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Showing posts from April, 2013

sometimes it's good to be a man

There are some advantages to being a male of the species. Quoted by Robert Lewis in The Great Adventure (Men's Fraternity): Phone conversations are over in 30 seconds flat. You know stuff about tanks. Your last name stays put. The garage is all yours. You get extra credit for the slightest act of thoughtfulness. You can be showered and ready in 10 minutes. Wedding plans take care of themselves. If someone forgets to invite you to something, he or she can still be your friend. Your underwear is $10 for a three pack. You don't have to shave below your neck. You don't care if someone notices your new haircut. You can watch a game in silence with your buddy for hours without even thinking, "He must be mad at me." One mood, all the time. You never have to drive to another gas station because this one's just too icky. Gray hair and wrinkles add character

satisfied, not satisfied

I was listening recently to a sermon by Dick Lucas and was struck by the contrast in these two statements by the Apostle Paul in his letter to the Philippians.   Paul is not definitely not self-satisfied as to his spiritual progress (3:12-13), and yet he is definitely content with his physical circumstances (4:11-12)...    Philippians 3:12-14 "Not that I have already obtained this or am already perfect, but I press on to make it my own, because Christ Jesus has made me his own.   Brothers, I do not consider that I have made it my own. But one thing I do: forgetting what lies behind and straining forward to what lies ahead, I press on toward the goal for the prize of the upward call of God in Christ Jesus." Philippians 4:11-12   " Not that I am speaking of being in need, for I have learned in whatever situation I am to be content.   I know how to be brought low, and I know how to abound. In any and every circumstance, I have learned the secret of facing plenty a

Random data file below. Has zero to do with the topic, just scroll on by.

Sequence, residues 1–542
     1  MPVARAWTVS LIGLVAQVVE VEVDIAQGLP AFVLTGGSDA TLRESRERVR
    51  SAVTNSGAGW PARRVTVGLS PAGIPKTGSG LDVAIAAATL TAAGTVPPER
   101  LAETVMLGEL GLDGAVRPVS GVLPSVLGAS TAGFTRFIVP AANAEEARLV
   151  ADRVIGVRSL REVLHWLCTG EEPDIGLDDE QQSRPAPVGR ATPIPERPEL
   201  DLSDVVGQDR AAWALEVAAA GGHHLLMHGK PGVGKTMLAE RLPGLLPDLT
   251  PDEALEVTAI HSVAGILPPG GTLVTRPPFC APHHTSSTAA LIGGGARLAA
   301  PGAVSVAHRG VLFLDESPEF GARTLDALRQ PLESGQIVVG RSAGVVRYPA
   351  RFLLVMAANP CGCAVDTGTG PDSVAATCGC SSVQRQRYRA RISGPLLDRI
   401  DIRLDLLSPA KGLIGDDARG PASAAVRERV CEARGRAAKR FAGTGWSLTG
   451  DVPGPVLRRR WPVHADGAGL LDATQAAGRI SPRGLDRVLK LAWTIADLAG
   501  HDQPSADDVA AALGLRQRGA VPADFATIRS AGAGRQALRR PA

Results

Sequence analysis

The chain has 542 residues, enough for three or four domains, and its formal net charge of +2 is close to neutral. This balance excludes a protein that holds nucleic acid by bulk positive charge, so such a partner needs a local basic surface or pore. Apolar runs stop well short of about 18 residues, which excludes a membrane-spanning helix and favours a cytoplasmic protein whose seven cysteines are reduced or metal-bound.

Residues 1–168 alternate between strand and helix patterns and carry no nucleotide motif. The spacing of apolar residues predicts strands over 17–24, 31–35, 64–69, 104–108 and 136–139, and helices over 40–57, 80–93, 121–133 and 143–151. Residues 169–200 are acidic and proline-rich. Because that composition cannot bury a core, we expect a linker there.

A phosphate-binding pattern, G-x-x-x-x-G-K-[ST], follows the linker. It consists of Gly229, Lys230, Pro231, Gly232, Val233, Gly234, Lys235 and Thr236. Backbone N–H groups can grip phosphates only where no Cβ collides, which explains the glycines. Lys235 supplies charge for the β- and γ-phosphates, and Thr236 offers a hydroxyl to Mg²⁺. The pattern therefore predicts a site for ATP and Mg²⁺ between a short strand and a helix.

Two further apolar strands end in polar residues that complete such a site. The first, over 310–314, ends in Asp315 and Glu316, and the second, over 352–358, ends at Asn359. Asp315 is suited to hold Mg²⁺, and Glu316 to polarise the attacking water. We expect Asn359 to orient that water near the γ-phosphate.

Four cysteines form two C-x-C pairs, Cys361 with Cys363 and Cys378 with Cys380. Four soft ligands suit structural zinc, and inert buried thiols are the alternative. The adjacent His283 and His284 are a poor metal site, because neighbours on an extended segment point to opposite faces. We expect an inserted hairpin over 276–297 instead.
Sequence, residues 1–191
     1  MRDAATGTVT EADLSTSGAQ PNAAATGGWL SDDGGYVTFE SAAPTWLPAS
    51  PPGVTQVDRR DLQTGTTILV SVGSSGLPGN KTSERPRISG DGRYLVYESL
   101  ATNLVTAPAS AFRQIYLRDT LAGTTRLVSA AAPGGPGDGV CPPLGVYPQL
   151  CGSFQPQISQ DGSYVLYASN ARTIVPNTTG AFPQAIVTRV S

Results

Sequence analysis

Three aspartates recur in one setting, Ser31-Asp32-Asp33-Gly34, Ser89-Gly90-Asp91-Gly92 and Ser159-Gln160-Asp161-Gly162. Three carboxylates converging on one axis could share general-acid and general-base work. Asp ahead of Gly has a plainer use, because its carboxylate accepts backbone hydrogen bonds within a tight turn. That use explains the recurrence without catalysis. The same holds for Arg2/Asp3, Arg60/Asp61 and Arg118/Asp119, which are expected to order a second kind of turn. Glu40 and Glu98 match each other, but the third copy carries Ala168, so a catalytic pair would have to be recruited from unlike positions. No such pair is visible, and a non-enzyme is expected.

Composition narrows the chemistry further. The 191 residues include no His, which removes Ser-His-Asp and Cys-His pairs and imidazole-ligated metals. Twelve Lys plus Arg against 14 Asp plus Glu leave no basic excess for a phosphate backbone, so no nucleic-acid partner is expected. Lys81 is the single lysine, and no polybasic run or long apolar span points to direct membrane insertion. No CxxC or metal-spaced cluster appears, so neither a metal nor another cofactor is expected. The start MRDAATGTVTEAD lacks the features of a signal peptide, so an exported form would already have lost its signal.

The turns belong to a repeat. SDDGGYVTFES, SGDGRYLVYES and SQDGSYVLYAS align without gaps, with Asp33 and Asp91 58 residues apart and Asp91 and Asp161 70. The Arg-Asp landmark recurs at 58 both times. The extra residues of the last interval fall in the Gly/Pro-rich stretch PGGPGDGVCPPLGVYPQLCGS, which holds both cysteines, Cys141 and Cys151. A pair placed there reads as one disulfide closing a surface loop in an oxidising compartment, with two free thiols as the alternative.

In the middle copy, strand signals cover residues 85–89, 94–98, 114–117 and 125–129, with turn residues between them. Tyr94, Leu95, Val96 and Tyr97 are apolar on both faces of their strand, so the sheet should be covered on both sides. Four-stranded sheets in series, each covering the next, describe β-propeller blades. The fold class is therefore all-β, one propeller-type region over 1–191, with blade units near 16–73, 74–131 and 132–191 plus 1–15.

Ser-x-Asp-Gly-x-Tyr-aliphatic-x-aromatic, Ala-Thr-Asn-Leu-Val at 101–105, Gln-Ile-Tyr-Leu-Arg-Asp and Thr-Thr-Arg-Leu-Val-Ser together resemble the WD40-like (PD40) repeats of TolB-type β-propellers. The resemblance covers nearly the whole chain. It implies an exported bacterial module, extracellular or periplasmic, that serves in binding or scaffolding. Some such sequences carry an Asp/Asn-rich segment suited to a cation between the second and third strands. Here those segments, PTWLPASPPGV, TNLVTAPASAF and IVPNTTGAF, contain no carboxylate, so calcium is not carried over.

thinking about the process

Have enjoyed reading Randy Pope's new book, Insourcing: Bringing Discipleship Back to the Local Church (Zondervan, 2013), part of their Leadership Network Innovation Series. This book, along with Rainer and Geiger's Simple Church , is calling the church back to the process of actually making disciples , rather than merely running programs, maintaining growth, and producing worship services.  Both books are reminiscent of Robert Coleman's classic, The Master Plan of Evangelism .  Randy Pope interviewed Ken Blanchard, who shared the diagram below.  In business it is important to follow this process in training new leaders: first, you tell them what to do (directives), then you coach them on how to do these (coaching), then back off a bit and be available for advice and encouragement (support), and finally to release them to do it on their own (delegation).  Blanchard said, never, never, never try to go from directives to delegation.  This produces disillusioned leaders and

this one thing

"Brothers, I do not consider that I have made it my own. But one thing I do : forgetting what lies behind and straining forward to what lies ahead, I press on toward the goal for the prize of the upward call of God in Christ Jesus." (Philippians 3:13-14 ESV) Philippians 3:12-16 ... having the right mindset (mental attitude) for the Christian life : 1.  Recognizing that you’re not there yet. (3:12, 13a) 2.  Knowing what to neglect, to forget, and to leave behind. (3:13 ) 3.  Directing your mind ( and life ) hard in one direction.  (3:12b-14) 4.  Trusting the guidance of the Lord to show you the way.  (3:15) 5.  Staying faithful to the gospel and its community. (3:16) Summary : the right mindset for the Christian life is:   “A single-minded pursuit to become  what God has already declared me to be  and what I actually one day will be.”  “Any choice involves the use of time in a way that cannot be used over again. … Among other misconceptions about ‘choice’